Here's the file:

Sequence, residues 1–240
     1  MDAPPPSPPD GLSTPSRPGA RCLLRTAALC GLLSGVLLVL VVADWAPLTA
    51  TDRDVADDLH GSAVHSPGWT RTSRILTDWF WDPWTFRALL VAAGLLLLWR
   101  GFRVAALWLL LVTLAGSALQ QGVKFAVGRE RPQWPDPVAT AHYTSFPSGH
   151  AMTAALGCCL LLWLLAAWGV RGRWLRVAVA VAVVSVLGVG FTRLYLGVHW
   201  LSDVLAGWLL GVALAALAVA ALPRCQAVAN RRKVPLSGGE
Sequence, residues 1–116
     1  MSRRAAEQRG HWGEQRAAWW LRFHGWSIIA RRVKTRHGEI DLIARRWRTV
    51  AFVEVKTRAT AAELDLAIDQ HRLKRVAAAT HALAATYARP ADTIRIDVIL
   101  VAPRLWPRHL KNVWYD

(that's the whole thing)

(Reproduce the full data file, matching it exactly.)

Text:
Sequence, residues 1–240
     1  MDAPPPSPPD GLSTPSRPGA RCLLRTAALC GLLSGVLLVL VVADWAPLTA
    51  TDRDVADDLH GSAVHSPGWT RTSRILTDWF WDPWTFRALL VAAGLLLLWR
   101  GFRVAALWLL LVTLAGSALQ QGVKFAVGRE RPQWPDPVAT AHYTSFPSGH
   151  AMTAALGCCL LLWLLAAWGV RGRWLRVAVA VAVVSVLGVG FTRLYLGVHW
   201  LSDVLAGWLL GVALAALAVA ALPRCQAVAN RRKVPLSGGE
Sequence, residues 1–116
     1  MSRRAAEQRG HWGEQRAAWW LRFHGWSIIA RRVKTRHGEI DLIARRWRTV
    51  AFVEVKTRAT AAELDLAIDQ HRLKRVAAAT HALAATYARP ADTIRIDVIL
   101  VAPRLWPRHL KNVWYD